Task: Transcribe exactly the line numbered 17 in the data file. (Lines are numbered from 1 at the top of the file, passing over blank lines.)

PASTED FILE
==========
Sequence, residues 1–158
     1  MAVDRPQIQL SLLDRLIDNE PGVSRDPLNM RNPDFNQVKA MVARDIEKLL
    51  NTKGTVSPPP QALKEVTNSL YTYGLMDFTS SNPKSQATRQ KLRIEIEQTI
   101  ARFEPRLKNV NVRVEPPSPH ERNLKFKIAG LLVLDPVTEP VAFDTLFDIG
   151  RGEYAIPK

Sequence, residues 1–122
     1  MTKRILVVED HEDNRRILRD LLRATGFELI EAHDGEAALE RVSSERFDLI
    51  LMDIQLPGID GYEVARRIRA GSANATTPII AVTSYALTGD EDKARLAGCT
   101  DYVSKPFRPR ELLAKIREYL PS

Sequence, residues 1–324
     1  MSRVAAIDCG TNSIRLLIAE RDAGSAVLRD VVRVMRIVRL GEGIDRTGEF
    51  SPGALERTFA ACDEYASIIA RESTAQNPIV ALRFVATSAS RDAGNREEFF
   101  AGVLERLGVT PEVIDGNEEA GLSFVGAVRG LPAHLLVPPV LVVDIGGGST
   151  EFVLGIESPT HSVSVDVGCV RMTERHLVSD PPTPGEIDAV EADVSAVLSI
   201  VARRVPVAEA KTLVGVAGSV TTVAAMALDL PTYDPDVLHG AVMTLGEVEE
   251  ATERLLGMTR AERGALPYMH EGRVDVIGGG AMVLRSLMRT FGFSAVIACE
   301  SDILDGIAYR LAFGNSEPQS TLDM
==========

   301  SDILDGIAYR LAFGNSEPQS TLDM